Advertisement

European Journal of Clinical Pharmacology

, Volume 71, Issue 3, pp 341–355 | Cite as

Impact of ABCG2 and SLCO1B1 polymorphisms on pharmacokinetics of rosuvastatin, atorvastatin and simvastatin acid in Caucasian and Asian subjects: a class effect?

  • Bruce K. BirminghamEmail author
  • Sarah R. Bujac
  • Robert Elsby
  • Connie T. Azumaya
  • Cheryl Wei
  • Yusong Chen
  • Rogelio Mosqueda-Garcia
  • Helen J. Ambrose
Pharmacokinetics and Disposition

Abstract

Purpose

Systemic exposure to rosuvastatin is approximately double that of Caucasians in Asian subjects. We investigated whether this pattern of increased exposure exists for other statins.

Methods

Plasma exposure following single-dose rosuvastatin 20 mg, atorvastatin 40 mg or simvastatin 40 mg was studied in Chinese, Japanese and Caucasian subjects. Plasma concentrations were determined using LC-MS methods. Impact of polymorphisms in SLCO1B1 (T521>C and A388>G) and in ABCG2 (C421>A) on exposure to rosuvastatin, atorvastatin, simvastatin and simvastatin acid was assessed.

Results

Relative to Caucasians, geometric mean area under the curve from time zero to time of last quantifiable concentration was 86 % (90 % confidence interval (CI), 51–130 %) and 55 % (26–91 %) higher for rosuvastatin in Chinese and Japanese subjects, respectively, 53 % (25–88 %) and 69 % (37–108 %) higher for atorvastatin, 23 % (0–52 %) and 12 % (−0.9–39 %) higher for simvastatin and 28 % (5–56 %) and 34 % (10–64 %) higher for simvastatin acid. Geometric mean maximum drug concentration was also proportionally higher for each statin. Polymorphisms in SLCO1B1 T521>C or ABCG2 C421>A were associated with higher exposure to rosuvastatin, atorvastatin and simvastatin acid (but not simvastatin) within a population, but only the ABCG2 C421>A polymorphism contributed towards between-population exposure differences. In individuals carrying wild-type alleles for both SLCO1B1 and ABCG2, area under the plasma concentration-time curve (AUC) still appeared to be higher for rosuvastatin, atorvastatin and simvastatin acid in Chinese and Japanese subjects compared with Caucasians, respectively.

Conclusion

Increased exposure to statins in Asian subjects versus Caucasians may represent a more general class phenomenon than previously recognized.

Keywords

Asian Caucasian Pharmacokinetics Pharmacogenetics ABCG2 SLCO1B1 

Notes

Acknowledgments

We acknowledge Debra Ennis for her contributions as study delivery director. We thank Kerry Knight and Valerie Moss from Prime Medica Ltd and Maren White from White Quill Ltd who provided medical writing and editorial support funded by AstraZeneca.

Responsibility for opinions, conclusions and interpretation of data lies with the authors.

Sources of financial support

This study was funded by AstraZeneca.

Conflict of interest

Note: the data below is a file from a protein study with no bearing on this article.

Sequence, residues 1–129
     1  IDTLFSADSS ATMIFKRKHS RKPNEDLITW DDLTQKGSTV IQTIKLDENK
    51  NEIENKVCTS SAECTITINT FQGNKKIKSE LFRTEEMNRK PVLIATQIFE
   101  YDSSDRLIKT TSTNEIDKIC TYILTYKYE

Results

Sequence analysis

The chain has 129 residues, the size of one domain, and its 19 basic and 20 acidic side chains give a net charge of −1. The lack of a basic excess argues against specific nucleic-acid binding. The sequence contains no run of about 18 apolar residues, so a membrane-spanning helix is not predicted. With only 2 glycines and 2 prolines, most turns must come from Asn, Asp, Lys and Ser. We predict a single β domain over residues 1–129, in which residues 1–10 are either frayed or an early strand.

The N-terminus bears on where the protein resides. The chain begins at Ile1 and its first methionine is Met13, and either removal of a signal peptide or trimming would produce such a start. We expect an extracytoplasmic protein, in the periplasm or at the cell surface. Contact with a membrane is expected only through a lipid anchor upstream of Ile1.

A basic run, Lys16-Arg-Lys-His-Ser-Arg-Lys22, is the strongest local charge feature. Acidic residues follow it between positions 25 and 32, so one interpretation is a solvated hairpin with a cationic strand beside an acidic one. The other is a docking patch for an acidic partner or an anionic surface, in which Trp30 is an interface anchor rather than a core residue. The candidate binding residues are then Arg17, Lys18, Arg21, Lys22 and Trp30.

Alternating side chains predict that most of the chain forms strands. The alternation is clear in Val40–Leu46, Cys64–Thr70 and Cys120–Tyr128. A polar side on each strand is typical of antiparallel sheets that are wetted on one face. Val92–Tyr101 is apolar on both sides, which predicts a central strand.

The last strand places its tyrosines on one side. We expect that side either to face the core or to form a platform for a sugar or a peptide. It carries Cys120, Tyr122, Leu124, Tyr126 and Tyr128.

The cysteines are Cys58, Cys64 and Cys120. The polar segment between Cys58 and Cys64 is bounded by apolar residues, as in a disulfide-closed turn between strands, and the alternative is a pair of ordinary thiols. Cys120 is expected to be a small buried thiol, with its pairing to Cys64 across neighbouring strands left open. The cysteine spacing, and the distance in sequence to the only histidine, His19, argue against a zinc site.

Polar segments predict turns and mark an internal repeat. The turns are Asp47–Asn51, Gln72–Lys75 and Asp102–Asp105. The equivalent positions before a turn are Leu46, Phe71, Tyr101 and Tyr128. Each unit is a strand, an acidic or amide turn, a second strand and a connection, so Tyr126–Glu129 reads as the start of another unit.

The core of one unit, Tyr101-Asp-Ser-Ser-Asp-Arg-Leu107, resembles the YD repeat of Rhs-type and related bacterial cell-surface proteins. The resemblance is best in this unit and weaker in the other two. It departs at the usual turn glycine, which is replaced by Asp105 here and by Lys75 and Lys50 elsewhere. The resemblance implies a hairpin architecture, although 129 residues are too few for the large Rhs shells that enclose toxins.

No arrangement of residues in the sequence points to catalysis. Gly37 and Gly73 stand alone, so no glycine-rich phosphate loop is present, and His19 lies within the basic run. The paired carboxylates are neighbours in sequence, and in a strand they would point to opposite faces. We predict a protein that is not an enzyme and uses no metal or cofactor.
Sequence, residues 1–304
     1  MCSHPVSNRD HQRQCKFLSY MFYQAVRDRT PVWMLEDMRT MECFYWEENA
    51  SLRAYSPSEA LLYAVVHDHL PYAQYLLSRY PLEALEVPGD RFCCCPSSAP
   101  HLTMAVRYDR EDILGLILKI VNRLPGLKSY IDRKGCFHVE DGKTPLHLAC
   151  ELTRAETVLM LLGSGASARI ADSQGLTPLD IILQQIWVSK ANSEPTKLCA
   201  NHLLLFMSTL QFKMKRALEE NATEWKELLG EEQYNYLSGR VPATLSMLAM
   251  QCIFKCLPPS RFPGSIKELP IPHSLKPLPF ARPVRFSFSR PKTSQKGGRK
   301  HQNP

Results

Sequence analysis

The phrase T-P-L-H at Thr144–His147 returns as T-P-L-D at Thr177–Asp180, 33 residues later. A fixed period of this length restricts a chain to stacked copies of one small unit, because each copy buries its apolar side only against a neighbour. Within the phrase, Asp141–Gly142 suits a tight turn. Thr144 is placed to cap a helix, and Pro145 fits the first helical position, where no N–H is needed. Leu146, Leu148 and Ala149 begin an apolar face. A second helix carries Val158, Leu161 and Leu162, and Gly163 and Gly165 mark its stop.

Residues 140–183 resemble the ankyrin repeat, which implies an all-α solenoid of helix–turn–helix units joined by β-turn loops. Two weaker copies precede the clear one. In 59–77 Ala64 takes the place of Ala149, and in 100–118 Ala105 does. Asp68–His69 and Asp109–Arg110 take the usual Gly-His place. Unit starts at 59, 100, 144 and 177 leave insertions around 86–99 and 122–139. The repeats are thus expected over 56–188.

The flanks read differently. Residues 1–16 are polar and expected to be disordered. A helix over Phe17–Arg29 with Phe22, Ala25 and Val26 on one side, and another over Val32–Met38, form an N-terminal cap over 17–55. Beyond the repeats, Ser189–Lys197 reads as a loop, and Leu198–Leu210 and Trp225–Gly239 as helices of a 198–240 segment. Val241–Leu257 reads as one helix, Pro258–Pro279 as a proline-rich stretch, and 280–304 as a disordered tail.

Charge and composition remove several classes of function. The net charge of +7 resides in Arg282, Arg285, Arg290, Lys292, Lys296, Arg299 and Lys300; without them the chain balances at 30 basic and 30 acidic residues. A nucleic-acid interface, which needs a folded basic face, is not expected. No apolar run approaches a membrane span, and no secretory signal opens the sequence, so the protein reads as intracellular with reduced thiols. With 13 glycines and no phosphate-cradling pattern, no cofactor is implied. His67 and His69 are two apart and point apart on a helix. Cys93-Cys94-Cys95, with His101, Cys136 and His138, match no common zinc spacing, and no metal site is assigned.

B.K. Birmingham, C.T. Azumaya, C. Wei, H.J Ambrose, R. Elsby and S. R. Bujac are all employees of AstraZeneca. R. Mosqueda-Garcia and Y. Chen are former employees of AstraZeneca.

C.T. Azumaya, C. Wei, R. Mosqueda-Garcia, Helen J. Ambrose, R. Elsby and S. R. Bujac hold stock in AstraZeneca.

Supplementary material

228_2014_1801_MOESM1_ESM.docx (3.1 mb)
ESM 1 (DOCX 3209 kb)

References

  1. 1.
    Mabuchi H, Nohara A, Higashikata T, Ueda K, Bujo H, Matsushima T, Ikeda Y, Nii M (2004) Clinical efficacy and safety of rosuvastatin in Japanese patients with heterozygous familial hypercholesterolemia. J Atheroscler Thromb 11:152–158Google Scholar
  2. 2.
    Lee E, Ryan S, Birmingham B, Zalikowski J, March R, Ambrose H, Moore R, Lee C, Chen Y, Schneck D (2005) Rosuvastatin pharmacokinetics and pharmacogenetics in white and Asian subjects residing in the same environment. Clin Pharmacol Ther 78:330–341CrossRefPubMedGoogle Scholar
  3. 3.
    Deedwania PC, Gupta M, Stein M, Ycas J, Gold A, IRIS Study Group (2007) Comparison of rosuvastatin versus atorvastatin in South-Asian patients at risk of coronary heart disease (from the IRIS Trial). Am J Cardiol 99:1538–1543CrossRefPubMedGoogle Scholar
  4. 4.
    Zhu JR, Tomlinson B, Ro YM, Sim KH, Lee YT, Sriratanasathavorn C (2007) A randomised study comparing the efficacy and safety of rosuvastatin with atorvastatin for achieving lipid goals in clinical practice in Asian patients at high risk of cardiovascular disease (DISCOVERY-Asia study). Curr Med Res Opin 23:3055–3068CrossRefPubMedGoogle Scholar
  5. 5.
    Warwick MJ, Dane AL, Raza A, Schneck DW (2000) Single- and multiple-dose pharmacokinetics and safety of the new HMG-CoA reductase inhibitor ZD4522. Atherosclerosis 151:39 (Abstract)CrossRefGoogle Scholar
  6. 6.
    Li Y, Jiang X, Lan K, Zhang R, Li X, Jiang Q (2007) Pharmacokinetic properties of rosuvastatin after single-dose, oral administration in Chinese volunteers: a randomized, open-label, three-way crossover study. Clin Ther 29:2194–2203CrossRefPubMedGoogle Scholar
  7. 7.